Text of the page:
My husband on the other hand has a Mind Map inside his brain. For those of you unfamiliar with modern ‘methodologies’ a mind map is a way of recording facts. Imagine you were at a lecture about, say, running an efficient home (blimey, that would be a useful one!) You would take a blank sheet of paper and a pen and start to write headings in random places as they cropped up. You might have ‘Cleaning’ in the top right corner and ‘Cooking’ near the bottom centre and so on. As interesting facts crop up you write them under the appropriate heading and where there is a connection between a fact in one category and one in another such as washing up which is related to cleaning and dirty dishes which are related to cooking, you draw a line between them. Eventually you end up with all the information in an organised form which would be completely useless to me but works like a dream for my husband whose whole brain is full of facts, linked to each other in an extremely untidy, unfiled and entirely accessible manner.

At a dinner party he is unstoppable, stories and interesting facts abound as he entertains his fellow diners, whereas I am more likely to start telling a story and realise half way through that I don’t know (can’t find) the end. Half of the time I have heard his stories before but until he tells the punch line, I don’t know it.

Fortunately, I had unaccountably forgotten the extreme affect that childbirth had had on my memory, when I suggested to my afore mentioned, younger husband that if we were to have children we should get a move on as I was already in my 40s. I did give warning that I would go slightly loopy for a while but really, I was more concerned about whether I wanted my wings clipped again, my older daughter being about 10 at the time and becoming more independent. Love has a lot to answer for.

I was therefore entirely unprepared for the affect this pregnancy and birth would have on my brain. I now have black holes where once there were memories. I have developed the ability to Spoonerise words more effectively than their eponymous inventor. My most outstanding announcements have been: “Don’t make me laugh when I’m huffing on my impaler” and “You know, that Page Three Girl: Lucinda Lardy.” Followed closely by “If you want some luck, look for a four loafed cleaver” and, very recently ‘Port Mierion potery is made in Stroke on Tent’. I have also started reversing letters in words and numbers when dialling on the telephone, something I have never had trouble with before.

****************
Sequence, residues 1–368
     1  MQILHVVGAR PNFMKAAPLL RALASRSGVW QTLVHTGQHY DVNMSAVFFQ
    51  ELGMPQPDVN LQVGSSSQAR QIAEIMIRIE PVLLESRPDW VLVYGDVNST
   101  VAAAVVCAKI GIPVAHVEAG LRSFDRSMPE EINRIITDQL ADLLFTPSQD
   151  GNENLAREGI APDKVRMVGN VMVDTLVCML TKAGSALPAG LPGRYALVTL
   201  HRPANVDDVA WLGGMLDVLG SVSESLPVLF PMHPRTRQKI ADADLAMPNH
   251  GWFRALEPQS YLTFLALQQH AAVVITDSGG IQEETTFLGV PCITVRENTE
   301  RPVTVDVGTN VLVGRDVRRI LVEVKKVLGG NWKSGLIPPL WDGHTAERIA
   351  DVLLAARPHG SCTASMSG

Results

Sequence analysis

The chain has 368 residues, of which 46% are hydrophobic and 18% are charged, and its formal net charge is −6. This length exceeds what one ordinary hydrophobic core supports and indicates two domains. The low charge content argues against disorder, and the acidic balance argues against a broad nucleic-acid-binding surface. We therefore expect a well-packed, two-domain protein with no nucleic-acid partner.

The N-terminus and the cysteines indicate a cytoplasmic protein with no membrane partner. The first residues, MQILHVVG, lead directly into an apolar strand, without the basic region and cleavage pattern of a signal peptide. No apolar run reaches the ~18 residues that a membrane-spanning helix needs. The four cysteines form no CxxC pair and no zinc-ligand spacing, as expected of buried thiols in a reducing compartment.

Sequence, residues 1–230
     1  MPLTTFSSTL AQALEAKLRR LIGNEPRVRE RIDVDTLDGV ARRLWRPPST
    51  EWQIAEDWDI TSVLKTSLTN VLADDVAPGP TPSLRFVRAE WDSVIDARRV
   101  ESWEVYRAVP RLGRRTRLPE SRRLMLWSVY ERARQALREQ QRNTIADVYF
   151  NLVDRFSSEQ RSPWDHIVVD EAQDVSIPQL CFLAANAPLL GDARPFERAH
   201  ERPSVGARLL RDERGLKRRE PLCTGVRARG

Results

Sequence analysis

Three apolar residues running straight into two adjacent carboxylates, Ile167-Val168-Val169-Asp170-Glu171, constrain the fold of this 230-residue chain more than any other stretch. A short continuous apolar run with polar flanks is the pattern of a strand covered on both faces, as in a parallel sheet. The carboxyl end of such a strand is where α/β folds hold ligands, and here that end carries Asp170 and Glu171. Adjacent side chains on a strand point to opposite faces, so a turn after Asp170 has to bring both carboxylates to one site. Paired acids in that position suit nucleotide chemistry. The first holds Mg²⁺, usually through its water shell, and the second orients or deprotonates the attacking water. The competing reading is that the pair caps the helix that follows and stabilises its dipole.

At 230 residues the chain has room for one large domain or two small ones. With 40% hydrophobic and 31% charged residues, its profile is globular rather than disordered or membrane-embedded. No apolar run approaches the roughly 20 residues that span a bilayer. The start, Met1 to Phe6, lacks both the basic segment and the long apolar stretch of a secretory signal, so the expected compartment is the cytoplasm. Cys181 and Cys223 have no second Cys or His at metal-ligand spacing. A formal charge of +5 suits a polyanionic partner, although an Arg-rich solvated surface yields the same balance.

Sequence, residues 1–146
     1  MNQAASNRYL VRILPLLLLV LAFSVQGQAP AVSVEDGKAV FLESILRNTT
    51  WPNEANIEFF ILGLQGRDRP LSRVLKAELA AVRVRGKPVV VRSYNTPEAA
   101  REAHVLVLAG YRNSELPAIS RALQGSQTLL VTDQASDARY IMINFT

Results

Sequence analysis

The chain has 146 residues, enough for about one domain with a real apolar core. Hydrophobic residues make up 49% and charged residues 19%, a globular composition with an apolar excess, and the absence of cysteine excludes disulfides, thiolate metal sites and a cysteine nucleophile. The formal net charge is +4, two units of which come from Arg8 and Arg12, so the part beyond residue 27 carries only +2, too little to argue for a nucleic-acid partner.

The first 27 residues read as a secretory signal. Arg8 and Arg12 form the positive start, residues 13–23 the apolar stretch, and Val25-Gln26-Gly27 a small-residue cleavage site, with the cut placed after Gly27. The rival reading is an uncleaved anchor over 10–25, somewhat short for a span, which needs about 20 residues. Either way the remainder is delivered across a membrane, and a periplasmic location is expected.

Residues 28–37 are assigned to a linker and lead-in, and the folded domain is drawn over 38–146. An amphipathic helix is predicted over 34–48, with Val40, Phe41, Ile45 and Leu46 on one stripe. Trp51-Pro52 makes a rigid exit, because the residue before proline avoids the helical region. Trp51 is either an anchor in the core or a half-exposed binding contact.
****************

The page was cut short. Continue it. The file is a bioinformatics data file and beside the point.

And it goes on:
I thought (and still do sometimes) that I was going barking mad. My husband and older daughter regularly looked at me with worried expressions on their faces and even my new baby seemed to be running mental rings around me.

Another visit to the doctor seemed sensible – if I could remember to make the appointment and, even more difficult, turn up at the allotted time. Having succeeded in both these feats I was referred to a psychiatrist who carried out some preliminary tests, chatted to me for a while and booked me a brain scan. Having been through all this I returned to hear the results. He began by complimenting me on the youthful and unblemished nature of my lobes “A lovely pair” apparently. He went on to tell me that I had a fairly rare and recently recognised condition which was, in layman’s terms, Brain Damage Caused by Child Birth!

His answer to my problems: “Discuss contraception with your GP

Oh, and by the way, it will get worse with the menopause”.

I’m 49 now, I think…….

0 thoughts on “On Memory”

  1. Sue, from later posts, you have had a lovely trip so far. On this, however, which I found because I just noticed and searched for a cause for my disappear navel, it appears that you have a visual, a.k.a, photographic memory. You are eidetic if you have unlimited film for your camera. Actually this is the best kind of memory if you want to go back and review the facts as they really were, rather than relying on some verbal interpretation that your own mind made before storing them in your brain.

    Your child probably just wiped out access to these high storage volume items. Know that a child would have done the same to me, and regret deeply not having the experience.

    Once went to the store in the 80’s with a distinct picture in my mind of what I needed. It was grey, flat, winding, and had a distinct line down the middle. I cursed, wondering why I needed to buy an asphalt 2-land road. What I actually needed was a telephone extension cord, also flat, grey, winding, with a line down the center, but on a much smaller scale.

    I use this type of memory to my extreme advantage in my work, and am considered gifted. But it really does require more gigabytes. Nothing is stored compressed, like JPG vs. TIFF. In order for me to work, I really do have to be isolated in my ivory tower. Or maybe like the Lady of Shallot, who was probably deformed and saved from ridicule as long as she stayed put.

    Do not regret you seeming memory loss. I doubt it was really like that, particularly after reading more of your lovely life.

  2. Hi Mara,

    Thanks for your attempt at comfort.

    If you were to tell Whizz that I have a photographic memory he would bellow with laughter. He says, and I can’t deny it, that I am the most unobservant person he has ever met! I live mostly in my head and hours can pass by when I see nothing that is going on around me. When I AM looking, my eyes bypass the mundane and look for the art.

    I hope you have found your navel!